SARATOGA SPRINGS – When Yumi Kageyama Refino entered an eight-week course in starting a business at IgniteU in Troy, she pitched a plan to use solar panels to melt snow and ice off of driveways. A few weeks in, she shifted to using virtual reality to teach Taekwondo coaches and judges.
Kageyama took the dramatic change in stride and emerged as a powerful, supportive and always-positive force within her cohort of other young entrepreneurs, according to people she worked with in the program.
“She had this amazing energy from the start, was always positive, always smiling,” said Samuel Mere, who was part of the same IgniteU cohort as Kageyama in 2018. ”No matter who won or lost the competition, she always put others before herself, always had great energy and positivity for everyone else to do well.”
By age 25, Kageyama, a 2014 Shenendehowa graduate, ran Risen Taekwondo studio in Malta with her husband, Eugene Refino, mentored other entrepreneurs and volunteered with local high school students interested in starting their own businesses. She died Aug. 19 after a car accident, leaving those who knew her grappling with the tragic loss of someone well before their time.
Kageyama was born Nov. 21, 1995; she and her family immigrated to the United States when she was 8 years old. She graduated from Shenendehowa High School in 2014 and Siena College in 2021, according to an obituary. In late May, she married Refino, her business and life partner. The couple started Risen Taekwondo in Malta in December 2016.
People who knew and worked with Kageyama remembered her as hardworking, driven, relentlessly positive and always willing to give back to others. Earlier this month she returned to the IgniteU program to serve as a judge, dispensing her own hard-earned wisdom as a young businesswoman.
Bob Manasier, who directs the entrepreneurship program, said Kageyama was a diligent, detailed worker who accepted constructive feedback from mentors and colleagues but was never afraid to stand up for her position on something. He said hearing the news of her death was like having a “piece of you ripped out.” He said she understood both her strengths and weaknesses and always worked to be better.
“She also always doubted her own skills, which we preach, you have to know your weaknesses as well as your strengths,” he said. “I think that she knew how to enjoy the journey, a lot of people always want to go to the end goal and get their fast and furious”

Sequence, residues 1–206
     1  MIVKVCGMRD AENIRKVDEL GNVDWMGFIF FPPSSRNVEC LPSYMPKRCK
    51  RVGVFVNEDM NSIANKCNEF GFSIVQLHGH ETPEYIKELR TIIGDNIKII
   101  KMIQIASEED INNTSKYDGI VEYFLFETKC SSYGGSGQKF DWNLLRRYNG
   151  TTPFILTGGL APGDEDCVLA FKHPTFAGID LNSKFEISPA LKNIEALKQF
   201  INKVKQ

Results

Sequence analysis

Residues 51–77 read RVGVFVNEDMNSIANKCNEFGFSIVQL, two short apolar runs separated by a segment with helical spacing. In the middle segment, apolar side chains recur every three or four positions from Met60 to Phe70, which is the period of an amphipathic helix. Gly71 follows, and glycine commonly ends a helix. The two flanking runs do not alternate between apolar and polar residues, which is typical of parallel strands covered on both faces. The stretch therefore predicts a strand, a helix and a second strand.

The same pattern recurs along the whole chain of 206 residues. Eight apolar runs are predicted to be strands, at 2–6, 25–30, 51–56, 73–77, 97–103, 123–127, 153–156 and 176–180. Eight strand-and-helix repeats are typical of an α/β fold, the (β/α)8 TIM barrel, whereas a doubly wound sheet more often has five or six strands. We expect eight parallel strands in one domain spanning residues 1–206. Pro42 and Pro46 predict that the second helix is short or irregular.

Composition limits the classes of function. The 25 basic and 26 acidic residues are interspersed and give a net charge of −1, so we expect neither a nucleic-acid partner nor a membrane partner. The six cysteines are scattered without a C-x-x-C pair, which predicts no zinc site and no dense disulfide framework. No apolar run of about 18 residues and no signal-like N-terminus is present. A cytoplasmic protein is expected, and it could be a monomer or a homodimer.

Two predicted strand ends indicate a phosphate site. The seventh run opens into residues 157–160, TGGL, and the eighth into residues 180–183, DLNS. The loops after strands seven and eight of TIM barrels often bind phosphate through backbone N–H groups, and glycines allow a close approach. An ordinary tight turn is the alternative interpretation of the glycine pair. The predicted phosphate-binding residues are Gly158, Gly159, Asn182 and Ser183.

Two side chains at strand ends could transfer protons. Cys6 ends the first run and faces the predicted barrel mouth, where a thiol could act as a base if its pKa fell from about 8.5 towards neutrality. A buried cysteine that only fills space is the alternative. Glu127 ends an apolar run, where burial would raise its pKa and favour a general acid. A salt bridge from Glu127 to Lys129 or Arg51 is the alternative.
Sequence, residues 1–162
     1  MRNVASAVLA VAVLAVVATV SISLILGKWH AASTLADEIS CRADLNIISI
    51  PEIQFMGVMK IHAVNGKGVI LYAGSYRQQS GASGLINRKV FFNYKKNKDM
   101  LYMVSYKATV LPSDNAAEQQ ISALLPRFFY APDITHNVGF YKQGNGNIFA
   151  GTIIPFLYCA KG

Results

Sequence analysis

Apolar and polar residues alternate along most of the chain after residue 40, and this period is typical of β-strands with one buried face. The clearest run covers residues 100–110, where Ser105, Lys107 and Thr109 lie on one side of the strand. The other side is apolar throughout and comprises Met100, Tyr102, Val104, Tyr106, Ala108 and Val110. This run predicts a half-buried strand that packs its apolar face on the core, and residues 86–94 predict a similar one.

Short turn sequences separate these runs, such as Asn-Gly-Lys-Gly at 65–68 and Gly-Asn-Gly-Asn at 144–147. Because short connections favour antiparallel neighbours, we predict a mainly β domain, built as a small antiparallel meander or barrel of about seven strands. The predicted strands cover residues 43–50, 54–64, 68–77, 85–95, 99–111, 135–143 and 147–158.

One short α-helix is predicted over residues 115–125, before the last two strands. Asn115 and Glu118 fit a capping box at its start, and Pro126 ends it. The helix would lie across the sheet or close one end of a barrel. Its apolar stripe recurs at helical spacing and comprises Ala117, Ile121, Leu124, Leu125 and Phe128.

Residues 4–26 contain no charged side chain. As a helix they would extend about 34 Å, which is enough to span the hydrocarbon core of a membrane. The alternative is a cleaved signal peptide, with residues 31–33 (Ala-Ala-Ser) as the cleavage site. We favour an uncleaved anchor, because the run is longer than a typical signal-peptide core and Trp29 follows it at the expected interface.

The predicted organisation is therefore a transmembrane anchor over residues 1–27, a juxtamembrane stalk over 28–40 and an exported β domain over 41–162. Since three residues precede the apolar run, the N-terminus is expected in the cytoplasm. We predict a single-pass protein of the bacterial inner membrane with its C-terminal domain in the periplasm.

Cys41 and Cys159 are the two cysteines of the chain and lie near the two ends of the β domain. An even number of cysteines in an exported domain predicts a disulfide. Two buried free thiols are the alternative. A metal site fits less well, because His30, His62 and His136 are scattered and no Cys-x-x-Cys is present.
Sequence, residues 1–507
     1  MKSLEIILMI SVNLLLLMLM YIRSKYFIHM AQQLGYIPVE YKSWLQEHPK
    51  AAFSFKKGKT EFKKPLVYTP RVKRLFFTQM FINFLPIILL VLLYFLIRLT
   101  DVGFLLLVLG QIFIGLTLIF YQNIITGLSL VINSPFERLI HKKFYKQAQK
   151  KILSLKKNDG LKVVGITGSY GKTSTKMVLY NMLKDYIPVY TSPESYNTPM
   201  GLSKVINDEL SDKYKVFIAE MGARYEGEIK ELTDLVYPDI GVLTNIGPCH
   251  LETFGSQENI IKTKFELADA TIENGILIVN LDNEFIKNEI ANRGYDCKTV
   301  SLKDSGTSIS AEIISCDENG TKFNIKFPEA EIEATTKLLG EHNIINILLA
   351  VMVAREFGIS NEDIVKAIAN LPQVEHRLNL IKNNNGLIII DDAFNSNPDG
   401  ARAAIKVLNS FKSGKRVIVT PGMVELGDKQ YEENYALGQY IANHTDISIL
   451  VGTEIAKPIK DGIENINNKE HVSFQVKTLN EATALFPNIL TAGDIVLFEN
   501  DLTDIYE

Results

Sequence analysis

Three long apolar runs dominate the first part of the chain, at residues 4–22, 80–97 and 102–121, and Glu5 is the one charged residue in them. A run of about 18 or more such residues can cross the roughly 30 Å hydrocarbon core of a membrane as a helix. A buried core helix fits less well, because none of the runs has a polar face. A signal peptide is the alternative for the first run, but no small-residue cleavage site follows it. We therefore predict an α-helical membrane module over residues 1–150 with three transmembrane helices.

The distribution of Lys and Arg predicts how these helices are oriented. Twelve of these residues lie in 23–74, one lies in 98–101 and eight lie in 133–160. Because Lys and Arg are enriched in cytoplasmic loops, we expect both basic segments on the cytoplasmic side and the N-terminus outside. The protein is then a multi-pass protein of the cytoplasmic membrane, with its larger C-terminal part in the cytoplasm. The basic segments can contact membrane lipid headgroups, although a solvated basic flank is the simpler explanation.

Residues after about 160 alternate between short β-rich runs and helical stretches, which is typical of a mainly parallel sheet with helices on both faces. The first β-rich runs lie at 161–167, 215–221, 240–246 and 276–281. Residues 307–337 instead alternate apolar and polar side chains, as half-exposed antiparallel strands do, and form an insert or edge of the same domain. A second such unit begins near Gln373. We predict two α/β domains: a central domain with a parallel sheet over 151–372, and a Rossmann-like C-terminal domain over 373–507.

Manasier is working to establish a scholarship in her name at IgniteU; he said the scholarship will provide funding to someone in the program who demonstrates an ability to “pivot” from one business idea to another.
He said Kageyama’s resilience in switching her business proposal after facing technical difficulties in the solar-powered driveway clearing idea was an example of her strengths as an entrepreneur. He said no one has pivoted as well as she did.
“Even though she hated failure, she embraced it; it’s very hard to give up one your babies,” he said. “A lot of people change (ideas) and it disappears, because it’s too much work. And she stuck to it.”
Bill Dailey, a lawyer in the startup space who mentored Kageyama, said entrepreneurs can often be competitive but that she always brought kindness to her interactions with other people.
“She had an aura of kindness that carried over into every conversation, that seemed to carry into everything she did,” Dailey said. “The entrepreneurial world isn’t always the friendliest place and she made it a heck of a lot friendlier.”
Kageyama was also an accomplished Taekwondo athlete, rising to the level of a Black Belt instructor.
“Her passion for Taekwondo could be felt the moment she stepped on the Taekwondo floor, she loved it,” Michael Yuasz, a former instructor to Kageyama said in an email Thursday. “Our family is extremely shocked and saddened. She was and always will be a talented Taekwondo instructor who’s passion for Taekwondo and her students will be missed.”
Many of the parents whose kids she coached at Risen posted remembrances of Kageyama on the studio’s website in recent days, highlighting the special impact she had on her students.
“I’m so sorry to hear of Yumi’s passing, quite honestly totally speechless. I can’t thank you or her enough for helping my girls through some of their most difficult years. What an amazing mentor she was,” one person posted.
Another commenter said that the “loss of Ms. K will be felt forever.”
“Such a young, amazing and beautiful woman who used her incredible attitude and positivity to influence her community and the children who attended Risen,” the commenter wrote. “Her spirit will forever live on in those she touched.”
Dailey, one of Kageyama’s mentors, in describing his first thoughts after hearing about her passing encapsulated many of the emotions expressed on social media.
“This is an unjust thing to happen in the world, and the world is going to miss out on a lot,” Dailey said.
Kageyama, who lived in Saratoga Springs, is survived by her husband, Eugene Refino; her parents, Mee Nah Lim and Yuji Kageyama; her brother, Takaaki Kageyama; and her extended family. The family held a visitation on Thursday evening. Funeral services are scheduled for Friday at 11 a.m. at Grace Fellowship Church at 1 Enterprise Ave., Clifton Park.